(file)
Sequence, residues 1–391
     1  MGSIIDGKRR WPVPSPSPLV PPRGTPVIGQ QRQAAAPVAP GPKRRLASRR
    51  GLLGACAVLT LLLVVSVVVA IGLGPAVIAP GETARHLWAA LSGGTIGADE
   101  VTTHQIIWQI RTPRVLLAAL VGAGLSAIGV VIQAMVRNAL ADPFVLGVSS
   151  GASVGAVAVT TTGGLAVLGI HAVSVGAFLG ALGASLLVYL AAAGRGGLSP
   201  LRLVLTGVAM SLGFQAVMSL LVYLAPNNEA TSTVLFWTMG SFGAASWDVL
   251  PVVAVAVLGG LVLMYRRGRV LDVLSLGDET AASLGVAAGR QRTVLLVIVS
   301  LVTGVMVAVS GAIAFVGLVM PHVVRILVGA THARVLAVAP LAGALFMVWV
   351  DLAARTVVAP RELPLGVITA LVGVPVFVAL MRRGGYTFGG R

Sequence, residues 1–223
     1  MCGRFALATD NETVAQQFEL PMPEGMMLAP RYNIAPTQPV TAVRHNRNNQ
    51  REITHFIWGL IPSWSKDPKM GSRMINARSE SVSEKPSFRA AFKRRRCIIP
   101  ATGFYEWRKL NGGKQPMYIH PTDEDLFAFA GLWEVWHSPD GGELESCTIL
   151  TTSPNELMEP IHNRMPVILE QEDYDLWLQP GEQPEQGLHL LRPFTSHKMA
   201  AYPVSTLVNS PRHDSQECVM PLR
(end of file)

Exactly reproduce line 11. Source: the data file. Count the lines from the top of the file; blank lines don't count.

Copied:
     1  MCGRFALATD NETVAQQFEL PMPEGMMLAP RYNIAPTQPV TAVRHNRNNQ